David J. Kupfer Awarded Sarnat Prize For Mental Health Research, Treatment

October 13, 1998

WASHINGTON -- The Institute of Medicine (IOM) today presented the 1998 Rhoda and Bernard Sarnat International Prize in Mental Health to David J. Kupfer, the Thomas Detre Professor and chair of the department of psychiatry at the University of Pittsburgh School of Medicine. Kupfer received the award for outstanding contributions to the field of mental health.

Kupfer's affiliation with the University of Pittsburgh began in 1973, where 10 years later, he became chair of the department of psychiatry. At Pittsburgh, he helped develop a new model for patient care that organized the previously fragmented delivery of services around the patient's disorder. Such an approach improved care, helped facilitate clinical research, and improved the quality of care and the training of health care providers. The model has been widely adopted by other major research and clinical institutions.

Kupfer's research has helped improve understanding of the long-term treatment of recurrent mood disorders, the development of depression, and the relationship between biological rhythms, sleep, and depression. Since 1977, Kupfer has been the principal investigator and chief architect of the federally funded Mental Health Clinical Research Center for the Study of Affective Disorders. He has authored or co-authored more than 600 articles, books, and book chapters. In addition, he has stimulated research within the University of Pittsburgh and beyond, promoting widespread collaboration among clinical investigators in psychiatry and in basic neuroscience. These research collaborations have encompassed virtually every psychiatric disorder and every age group, from infants to seniors.

The IOM, through its Board on Neuroscience and Behavioral Health, has awarded the Sarnat Prize since 1992 to individuals, groups, or organizations for outstanding achievement in improving mental health. The prize recognizes -- without regard for professional discipline or nationality -- achievements in basic science, clinical application, and public policy that lead to progress in the understanding, etiology, prevention, treatment, or cure of mental disorders, or to the promotion of mental health. As defined by the nominating criteria, the field of mental health encompasses neuroscience, psychology, social work, public health, nursing, psychiatry, and advocacy.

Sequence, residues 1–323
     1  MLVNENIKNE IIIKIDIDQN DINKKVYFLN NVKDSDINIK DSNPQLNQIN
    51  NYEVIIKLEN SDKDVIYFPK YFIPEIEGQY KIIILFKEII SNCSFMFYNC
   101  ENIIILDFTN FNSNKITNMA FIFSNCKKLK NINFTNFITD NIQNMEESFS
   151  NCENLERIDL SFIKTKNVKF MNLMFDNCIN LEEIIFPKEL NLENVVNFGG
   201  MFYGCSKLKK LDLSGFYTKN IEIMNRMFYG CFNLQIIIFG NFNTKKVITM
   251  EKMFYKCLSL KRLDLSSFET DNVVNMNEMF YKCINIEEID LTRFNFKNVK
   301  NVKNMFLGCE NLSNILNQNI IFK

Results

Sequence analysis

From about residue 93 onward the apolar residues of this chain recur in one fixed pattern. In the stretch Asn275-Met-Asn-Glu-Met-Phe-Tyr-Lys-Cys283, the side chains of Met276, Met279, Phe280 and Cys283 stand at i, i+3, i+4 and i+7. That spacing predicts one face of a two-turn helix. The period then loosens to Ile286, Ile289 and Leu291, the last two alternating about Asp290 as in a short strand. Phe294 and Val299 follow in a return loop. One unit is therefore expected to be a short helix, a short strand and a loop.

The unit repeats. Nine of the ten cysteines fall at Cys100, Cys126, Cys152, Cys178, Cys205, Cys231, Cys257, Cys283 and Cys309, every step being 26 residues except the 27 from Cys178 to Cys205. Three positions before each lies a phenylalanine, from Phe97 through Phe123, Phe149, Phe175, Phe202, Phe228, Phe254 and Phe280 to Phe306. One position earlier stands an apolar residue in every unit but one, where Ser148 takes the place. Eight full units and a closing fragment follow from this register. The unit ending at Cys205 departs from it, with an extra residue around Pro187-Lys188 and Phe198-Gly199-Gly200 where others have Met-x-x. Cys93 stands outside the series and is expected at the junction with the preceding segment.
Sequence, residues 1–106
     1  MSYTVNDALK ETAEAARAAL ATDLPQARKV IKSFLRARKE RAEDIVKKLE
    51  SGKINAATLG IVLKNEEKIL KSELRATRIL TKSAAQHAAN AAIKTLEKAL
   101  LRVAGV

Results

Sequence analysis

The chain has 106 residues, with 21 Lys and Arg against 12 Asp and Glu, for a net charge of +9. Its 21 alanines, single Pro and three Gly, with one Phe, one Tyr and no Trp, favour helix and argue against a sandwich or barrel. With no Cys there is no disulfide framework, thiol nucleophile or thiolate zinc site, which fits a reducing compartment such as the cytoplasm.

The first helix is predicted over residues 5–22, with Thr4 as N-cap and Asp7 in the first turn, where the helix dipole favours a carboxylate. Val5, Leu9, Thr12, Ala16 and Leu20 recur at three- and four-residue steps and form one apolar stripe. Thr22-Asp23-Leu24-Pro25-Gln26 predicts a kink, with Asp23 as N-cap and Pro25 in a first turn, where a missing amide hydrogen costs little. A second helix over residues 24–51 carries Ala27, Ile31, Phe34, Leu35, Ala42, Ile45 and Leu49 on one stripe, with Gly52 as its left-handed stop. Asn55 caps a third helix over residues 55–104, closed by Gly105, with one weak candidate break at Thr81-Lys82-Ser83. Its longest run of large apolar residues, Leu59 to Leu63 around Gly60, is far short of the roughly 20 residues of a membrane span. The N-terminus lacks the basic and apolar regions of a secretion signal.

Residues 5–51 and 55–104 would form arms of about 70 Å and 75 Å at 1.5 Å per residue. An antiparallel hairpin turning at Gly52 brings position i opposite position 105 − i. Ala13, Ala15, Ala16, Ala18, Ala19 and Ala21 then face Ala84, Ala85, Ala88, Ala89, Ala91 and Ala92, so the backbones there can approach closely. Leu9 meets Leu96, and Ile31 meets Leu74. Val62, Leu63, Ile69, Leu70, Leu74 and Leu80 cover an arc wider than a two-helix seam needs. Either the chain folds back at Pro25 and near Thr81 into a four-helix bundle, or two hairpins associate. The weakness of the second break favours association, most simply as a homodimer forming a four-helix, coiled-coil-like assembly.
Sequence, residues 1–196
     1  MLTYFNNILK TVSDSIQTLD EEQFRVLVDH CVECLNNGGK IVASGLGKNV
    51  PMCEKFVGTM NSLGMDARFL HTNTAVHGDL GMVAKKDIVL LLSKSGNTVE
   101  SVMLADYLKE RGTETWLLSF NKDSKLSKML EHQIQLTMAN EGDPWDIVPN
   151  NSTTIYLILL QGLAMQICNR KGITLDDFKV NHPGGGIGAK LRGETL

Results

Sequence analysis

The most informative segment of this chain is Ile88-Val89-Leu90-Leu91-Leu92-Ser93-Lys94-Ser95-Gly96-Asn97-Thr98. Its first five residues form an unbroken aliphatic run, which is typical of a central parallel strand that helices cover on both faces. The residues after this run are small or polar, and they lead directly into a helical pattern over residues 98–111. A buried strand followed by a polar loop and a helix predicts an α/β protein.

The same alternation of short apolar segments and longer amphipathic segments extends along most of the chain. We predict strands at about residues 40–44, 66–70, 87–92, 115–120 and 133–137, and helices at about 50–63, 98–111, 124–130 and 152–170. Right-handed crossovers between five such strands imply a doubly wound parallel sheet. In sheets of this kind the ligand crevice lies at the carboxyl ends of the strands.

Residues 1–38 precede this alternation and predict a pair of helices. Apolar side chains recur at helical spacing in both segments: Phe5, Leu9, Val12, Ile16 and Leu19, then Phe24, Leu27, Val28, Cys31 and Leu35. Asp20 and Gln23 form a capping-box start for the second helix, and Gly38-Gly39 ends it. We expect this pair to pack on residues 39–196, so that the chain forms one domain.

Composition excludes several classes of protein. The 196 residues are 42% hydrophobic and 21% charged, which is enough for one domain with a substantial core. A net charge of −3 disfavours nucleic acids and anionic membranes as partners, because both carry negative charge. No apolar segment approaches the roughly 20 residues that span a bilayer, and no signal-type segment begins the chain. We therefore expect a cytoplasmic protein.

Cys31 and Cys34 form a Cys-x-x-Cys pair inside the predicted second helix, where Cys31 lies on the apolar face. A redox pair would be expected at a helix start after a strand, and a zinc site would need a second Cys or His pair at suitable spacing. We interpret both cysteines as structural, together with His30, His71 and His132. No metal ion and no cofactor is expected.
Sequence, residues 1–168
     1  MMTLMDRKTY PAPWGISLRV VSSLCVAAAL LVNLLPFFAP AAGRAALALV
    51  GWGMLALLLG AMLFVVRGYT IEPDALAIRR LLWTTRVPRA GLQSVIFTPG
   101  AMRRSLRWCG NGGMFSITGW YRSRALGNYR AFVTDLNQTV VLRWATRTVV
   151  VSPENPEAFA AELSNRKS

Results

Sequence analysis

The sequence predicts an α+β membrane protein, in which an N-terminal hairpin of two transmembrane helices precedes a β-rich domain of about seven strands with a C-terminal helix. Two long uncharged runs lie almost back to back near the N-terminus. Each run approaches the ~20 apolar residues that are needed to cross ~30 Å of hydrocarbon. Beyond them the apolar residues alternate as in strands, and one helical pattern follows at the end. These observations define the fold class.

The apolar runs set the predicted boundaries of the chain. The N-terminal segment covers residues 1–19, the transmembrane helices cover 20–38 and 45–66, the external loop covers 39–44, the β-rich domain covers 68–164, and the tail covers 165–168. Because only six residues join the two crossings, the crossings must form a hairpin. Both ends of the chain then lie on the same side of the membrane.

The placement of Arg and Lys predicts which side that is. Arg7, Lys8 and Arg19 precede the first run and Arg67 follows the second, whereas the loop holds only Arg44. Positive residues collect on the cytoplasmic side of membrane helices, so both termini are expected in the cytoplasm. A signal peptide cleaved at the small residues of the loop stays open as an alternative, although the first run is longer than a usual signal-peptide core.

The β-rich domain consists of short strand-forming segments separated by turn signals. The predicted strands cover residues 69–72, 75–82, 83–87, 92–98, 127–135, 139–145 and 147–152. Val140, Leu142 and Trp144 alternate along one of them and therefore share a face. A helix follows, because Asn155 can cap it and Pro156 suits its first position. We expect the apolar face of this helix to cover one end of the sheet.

The prize consists of a medal and a $20,000 cash award. It is supported by income from an endowment created by Rhoda and Bernard G. Sarnat of Los Angeles. Rhoda Sarnat is a licensed clinical social worker with 45 years' experience in counseling clients. Her husband, Bernard Sarnat, is a researcher and practitioner of plastic and reconstructive surgery. Direct professional experience, in which they recognized the destructive effects of mental illness on individuals they have served, inspired the Sarnats to establish the award.

Nominations for potential recipients are solicited every year from IOM members, deans of medical schools, and other mental health professionals. Nominations for 1999 recipients may be sent to Linda DePugh in the IOM Board on Neuroscience and Behavioral Health at the street address in the letterhead. Recent recipients of the Sarnat Prize include Myrna Weissman, professor of epidemiology in psychiatry, Columbia University, and Gerald Klerman, professor of psychiatry, Columbia University (1994); Samuel B. Guze, professor and head of the department of psychiatry, Washington University, St. Louis (1995); Leon Eisenberg, professor of social medicine, Harvard Medical School, Boston (1996); and Herbert Pardes, dean of the faculty of medicine, and chair of the department of psychiatry at the College of Physicians and Surgeons, Columbia University (1997).
Additional information regarding the Sarnat Prize and the Board on Neuroscience and Behavioral Health is available on the World Wide Web. The Institute of Medicine is a private, non-profit organization that provides health policy advice under a congressional charter granted to the National Academy of Sciences.

National Academies of Sciences, Engineering, and Medicine

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